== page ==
Friday, April 01, 2005

Apr 1/05 - On possible implications of $100/barrel oil

PMBComment: skepticism aside how does HRH Hugo Chavez, Bolivarian Ruler for Life, sound? Will Jose Vicente and extended family displace the Waltons from the Forbes Billionaires list? If Goldman is right, both scenarios might not be far fetched. We might actually start wishing for the good old days in Venezuela when our oil basket reached $7.90/barrel. PMB

Los Angeles Times

Oil Surges After 'Spike' Prediction. A Goldman analyst says crude could reach $105 a barrel in 2007. Other experts are skeptical.

By Jerry Hirsch
LATimes Staff Writer
April 1, 2005

Oil and gasoline prices surged Thursday after a Wall Street analyst warned of a coming "super spike" that could send crude to $105 a barrel.

Light sweet crude for May delivery jumped $1.41 to $55.40 a barrel on the New York Mercantile Exchange, $1.32 shy of the record close on March 18. Gasoline for April delivery closed at a record $1.655 a gallon, up 5.88 cents.

In a report to investors, Goldman Sachs Group Inc. analyst Arjun Murti said surprisingly high demand in the U.S. and China combined with a lack of infrastructure to get oil out of the ground had created a supply imbalance that could be corrected only by dramatically higher prices — which in turn would depress demand.

In Murti's super-spike scenario, he estimates that the cost of a barrel of oil will rise to $75 next year and $105 in 2007 before gradually sliding back to just $30 by 2010 as high prices spur investment in oil and cause demand to shrink. But Murti also issued a more conservative forecast in which he raised the investment bank's 2005 and 2006 crude price forecasts to $50 and $55, respectively, from $41 and $40.

A near doubling of crude prices would translate into $4-a-gallon gasoline, a level Murti believes would coax U.S. consumers to conserve enough to break the price cycle.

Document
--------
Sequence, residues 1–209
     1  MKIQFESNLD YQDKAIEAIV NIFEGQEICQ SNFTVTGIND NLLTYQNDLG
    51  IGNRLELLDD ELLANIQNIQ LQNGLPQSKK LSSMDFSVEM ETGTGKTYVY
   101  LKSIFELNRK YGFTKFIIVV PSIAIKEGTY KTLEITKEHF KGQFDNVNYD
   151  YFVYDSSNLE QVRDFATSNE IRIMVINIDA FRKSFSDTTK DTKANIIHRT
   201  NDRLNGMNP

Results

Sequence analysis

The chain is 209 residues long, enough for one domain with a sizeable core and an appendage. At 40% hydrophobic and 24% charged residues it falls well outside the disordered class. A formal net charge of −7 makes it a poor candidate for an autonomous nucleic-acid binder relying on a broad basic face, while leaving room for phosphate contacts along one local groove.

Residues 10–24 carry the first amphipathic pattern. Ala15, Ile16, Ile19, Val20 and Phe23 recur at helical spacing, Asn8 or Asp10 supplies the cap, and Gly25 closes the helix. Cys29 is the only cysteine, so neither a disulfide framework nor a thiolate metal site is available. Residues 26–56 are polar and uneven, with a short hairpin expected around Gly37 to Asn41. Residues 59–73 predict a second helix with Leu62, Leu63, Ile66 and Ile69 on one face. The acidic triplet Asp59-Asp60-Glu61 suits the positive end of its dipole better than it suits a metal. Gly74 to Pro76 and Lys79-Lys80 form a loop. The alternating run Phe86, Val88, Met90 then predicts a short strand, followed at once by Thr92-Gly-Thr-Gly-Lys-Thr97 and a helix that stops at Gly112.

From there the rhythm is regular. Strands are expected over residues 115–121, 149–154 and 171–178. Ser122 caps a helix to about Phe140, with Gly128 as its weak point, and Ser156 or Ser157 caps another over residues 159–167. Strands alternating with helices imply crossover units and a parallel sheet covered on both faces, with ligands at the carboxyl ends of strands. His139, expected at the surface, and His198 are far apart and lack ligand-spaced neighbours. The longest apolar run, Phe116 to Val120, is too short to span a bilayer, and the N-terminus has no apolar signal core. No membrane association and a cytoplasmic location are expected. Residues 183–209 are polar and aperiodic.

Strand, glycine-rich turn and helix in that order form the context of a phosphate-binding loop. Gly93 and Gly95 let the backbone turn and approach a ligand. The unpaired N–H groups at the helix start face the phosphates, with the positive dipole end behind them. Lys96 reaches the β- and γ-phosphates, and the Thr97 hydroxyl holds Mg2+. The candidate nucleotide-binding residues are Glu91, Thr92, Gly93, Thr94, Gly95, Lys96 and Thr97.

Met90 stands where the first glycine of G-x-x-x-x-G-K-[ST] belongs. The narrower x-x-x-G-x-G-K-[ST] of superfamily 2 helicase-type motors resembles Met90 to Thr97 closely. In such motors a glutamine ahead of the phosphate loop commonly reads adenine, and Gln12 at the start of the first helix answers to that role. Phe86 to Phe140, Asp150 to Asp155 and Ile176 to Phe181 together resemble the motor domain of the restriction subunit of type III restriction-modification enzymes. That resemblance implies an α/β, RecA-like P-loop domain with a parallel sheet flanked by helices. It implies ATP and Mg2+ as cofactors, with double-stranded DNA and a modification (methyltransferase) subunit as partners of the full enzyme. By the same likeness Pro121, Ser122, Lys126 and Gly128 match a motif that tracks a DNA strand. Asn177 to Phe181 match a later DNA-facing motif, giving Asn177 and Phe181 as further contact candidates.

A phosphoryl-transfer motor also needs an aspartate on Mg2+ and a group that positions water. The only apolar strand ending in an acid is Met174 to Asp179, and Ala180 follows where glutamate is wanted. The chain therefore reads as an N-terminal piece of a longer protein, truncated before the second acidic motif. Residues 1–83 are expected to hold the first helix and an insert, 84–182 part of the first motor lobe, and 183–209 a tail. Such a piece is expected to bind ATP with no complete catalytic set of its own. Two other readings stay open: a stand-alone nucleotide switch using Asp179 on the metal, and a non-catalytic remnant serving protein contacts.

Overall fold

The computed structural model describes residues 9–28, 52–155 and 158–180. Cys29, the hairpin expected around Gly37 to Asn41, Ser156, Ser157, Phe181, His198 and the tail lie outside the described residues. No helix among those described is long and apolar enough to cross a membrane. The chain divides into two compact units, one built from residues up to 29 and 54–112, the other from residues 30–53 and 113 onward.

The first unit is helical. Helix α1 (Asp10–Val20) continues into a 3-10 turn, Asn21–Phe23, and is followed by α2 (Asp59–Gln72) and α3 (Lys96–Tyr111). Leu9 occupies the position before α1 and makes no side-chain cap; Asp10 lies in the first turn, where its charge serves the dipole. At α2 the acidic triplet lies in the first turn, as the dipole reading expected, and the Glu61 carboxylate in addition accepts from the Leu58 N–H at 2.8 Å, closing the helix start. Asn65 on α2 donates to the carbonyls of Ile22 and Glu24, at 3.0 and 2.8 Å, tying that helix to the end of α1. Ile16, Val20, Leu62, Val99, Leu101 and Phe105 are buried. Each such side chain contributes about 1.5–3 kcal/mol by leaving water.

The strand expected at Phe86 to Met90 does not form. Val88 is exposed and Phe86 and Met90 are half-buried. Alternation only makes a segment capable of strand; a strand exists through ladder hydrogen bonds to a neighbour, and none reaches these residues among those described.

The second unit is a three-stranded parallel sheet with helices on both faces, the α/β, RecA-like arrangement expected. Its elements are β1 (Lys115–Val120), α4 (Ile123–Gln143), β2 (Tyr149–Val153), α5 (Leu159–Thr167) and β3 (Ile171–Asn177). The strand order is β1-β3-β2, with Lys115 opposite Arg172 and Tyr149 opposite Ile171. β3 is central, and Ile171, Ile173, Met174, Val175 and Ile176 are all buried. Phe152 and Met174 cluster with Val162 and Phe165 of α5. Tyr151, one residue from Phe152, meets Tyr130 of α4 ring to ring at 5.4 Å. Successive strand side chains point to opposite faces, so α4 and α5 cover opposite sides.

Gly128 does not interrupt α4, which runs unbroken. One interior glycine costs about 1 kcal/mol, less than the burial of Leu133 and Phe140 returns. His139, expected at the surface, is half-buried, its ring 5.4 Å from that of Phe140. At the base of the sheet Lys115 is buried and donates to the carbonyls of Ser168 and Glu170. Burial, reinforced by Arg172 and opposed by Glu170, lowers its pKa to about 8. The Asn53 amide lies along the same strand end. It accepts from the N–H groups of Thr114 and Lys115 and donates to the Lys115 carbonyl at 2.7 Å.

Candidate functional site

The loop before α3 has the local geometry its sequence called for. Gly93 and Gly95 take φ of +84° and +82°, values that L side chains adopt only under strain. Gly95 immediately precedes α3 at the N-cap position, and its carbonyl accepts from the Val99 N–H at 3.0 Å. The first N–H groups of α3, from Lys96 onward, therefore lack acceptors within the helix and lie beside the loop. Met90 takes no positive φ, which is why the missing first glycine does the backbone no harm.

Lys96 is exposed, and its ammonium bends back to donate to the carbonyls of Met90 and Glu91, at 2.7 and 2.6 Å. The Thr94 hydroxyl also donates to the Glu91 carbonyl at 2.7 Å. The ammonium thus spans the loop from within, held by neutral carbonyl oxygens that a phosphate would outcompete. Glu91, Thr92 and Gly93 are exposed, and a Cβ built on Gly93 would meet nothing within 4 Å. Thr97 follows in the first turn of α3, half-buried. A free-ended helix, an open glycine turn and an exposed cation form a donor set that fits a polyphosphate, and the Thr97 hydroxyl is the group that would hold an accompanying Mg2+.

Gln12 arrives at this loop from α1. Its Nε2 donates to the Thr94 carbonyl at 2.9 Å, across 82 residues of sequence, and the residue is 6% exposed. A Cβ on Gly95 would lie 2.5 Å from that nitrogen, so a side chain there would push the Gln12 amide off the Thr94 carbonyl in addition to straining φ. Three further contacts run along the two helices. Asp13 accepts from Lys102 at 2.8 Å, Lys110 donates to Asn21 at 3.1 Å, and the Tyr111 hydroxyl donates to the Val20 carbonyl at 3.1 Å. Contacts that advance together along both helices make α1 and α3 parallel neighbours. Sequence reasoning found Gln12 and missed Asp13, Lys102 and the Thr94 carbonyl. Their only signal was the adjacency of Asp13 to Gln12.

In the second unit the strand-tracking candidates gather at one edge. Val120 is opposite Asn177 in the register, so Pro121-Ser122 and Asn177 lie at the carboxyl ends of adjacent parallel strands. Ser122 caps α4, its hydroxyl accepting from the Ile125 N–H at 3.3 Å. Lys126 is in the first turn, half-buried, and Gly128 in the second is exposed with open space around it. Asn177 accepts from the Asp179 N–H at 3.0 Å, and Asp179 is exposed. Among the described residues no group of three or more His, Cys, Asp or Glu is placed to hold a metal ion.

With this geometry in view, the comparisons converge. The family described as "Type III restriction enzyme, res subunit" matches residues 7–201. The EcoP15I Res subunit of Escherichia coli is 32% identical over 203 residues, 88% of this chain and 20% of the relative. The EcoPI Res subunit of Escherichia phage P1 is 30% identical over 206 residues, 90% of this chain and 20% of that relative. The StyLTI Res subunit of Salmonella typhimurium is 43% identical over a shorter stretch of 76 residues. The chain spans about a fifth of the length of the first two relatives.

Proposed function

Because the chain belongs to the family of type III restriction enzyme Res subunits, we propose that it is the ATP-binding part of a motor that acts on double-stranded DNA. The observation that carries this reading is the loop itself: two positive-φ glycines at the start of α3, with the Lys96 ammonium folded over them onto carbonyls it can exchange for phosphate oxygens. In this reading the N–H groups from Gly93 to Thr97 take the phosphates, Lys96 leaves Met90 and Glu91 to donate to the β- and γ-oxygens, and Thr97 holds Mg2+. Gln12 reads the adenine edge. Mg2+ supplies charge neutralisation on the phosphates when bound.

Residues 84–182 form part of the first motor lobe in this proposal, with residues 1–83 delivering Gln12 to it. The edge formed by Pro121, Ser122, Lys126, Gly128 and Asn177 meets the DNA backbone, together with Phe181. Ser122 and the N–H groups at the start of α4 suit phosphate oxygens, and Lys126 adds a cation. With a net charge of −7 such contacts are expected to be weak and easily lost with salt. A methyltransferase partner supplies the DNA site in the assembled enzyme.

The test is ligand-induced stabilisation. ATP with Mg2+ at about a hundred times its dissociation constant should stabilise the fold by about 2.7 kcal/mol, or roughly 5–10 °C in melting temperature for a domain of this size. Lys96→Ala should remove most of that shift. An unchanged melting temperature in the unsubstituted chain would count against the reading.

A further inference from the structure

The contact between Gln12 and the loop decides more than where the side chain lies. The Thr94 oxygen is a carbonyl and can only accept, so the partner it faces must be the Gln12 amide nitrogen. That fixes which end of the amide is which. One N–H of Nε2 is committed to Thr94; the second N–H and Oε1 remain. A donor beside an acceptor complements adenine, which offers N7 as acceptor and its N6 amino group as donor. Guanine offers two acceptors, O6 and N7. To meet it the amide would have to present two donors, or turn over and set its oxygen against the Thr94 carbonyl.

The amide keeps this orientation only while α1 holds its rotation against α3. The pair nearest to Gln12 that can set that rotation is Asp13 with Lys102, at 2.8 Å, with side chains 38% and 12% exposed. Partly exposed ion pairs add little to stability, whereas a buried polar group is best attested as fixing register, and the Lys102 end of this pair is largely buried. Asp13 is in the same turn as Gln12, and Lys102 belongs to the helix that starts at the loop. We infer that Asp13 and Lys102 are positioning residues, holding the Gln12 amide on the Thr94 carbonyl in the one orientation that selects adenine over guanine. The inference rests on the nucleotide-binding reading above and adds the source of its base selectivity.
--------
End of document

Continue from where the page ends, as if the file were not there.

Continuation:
Indeed, $4 a gallon would be an unprecedented price, even after adjusting for inflation. The nearly $40-a-barrel oil that rattled the world in 1980 would top $90 in today's dollars. And gasoline that cost $1.35 a gallon 25 years ago would cost $3.20 in today's currency.

Such a run-up would send shares of oil and gas companies soaring by 80% or more, Murti said. Goldman Sachs' top picks include Exxon Mobil Corp., Amerada Hess Corp., Murphy Oil Corp, Suncor Energy Inc., EnCana Corp. and Devon Energy Inc.

Phil Flynn, a senior analyst at Alaron Trading Corp. in Chicago, said he was skeptical that prices would rise as high as the Goldman Sachs analyst projected, even though "there is no sign that demand is slowing."

"It would take some sort of supply disruption such as a terrorism incident in Saudi Arabia or Venezuela deciding it did not want to export to the United States," Flynn said.

Tom Kloza, chief oil analyst for the Oil Price Information Service, likened the research report to technology analyst Henry Blodgett's astronomical price targets for Nasdaq stocks in the 1990s that helped to push those prices higher. Goldman Sachs is one of the biggest energy traders on Wall Street and maintains the Goldman Sachs Commodity Index, which is three-quarters energy.

Murti's report comes at volatile time, when traders are looking for almost any reason to bid up prices, Kloza said. At one point during the trading day, he said, a fire drill at a ConocoPhillips refinery in New Jersey spooked traders, creating a brief increase in gasoline futures.

"A lot of this is being driven by crowd behavior," Kloza said.

On Wednesday, the U.S. benchmark oil price fell 24 cents to $53.99 a barrel after the Energy Department reported that the nation's crude inventories rose more than expected. Persistent concerns about the ability of producing nations to keep pace with rising demand have kept a floor under crude prices, which have jumped 27.5% this year.

Mark Baxter, director of Southern Methodist University's Maguire Energy Institute in Dallas, said he wouldn't be surprised to see oil prices rise to $65 to $75 a barrel by the end of this year, "assuming continued moderate economic growth and a calm geopolitical environment."

Baxter believes, however, that high gasoline prices are already starting to change consumer behavior domestically and will start to soften demand.

Although brief and dramatic surges for any commodity are always possible, said Philip Verleger Jr., an energy economist with the Institute for International Economics, the prospect for any sustained period of oil prices near $100 a barrel remains slim because the high costs set the stage for lower prices.

"The global economy couldn't cope with it," Verleger said. "It would cause a serious recession or worse in the United States. China would lose its best market, India and Europe would suffer, and demand would crash. We would be back to $20 oil."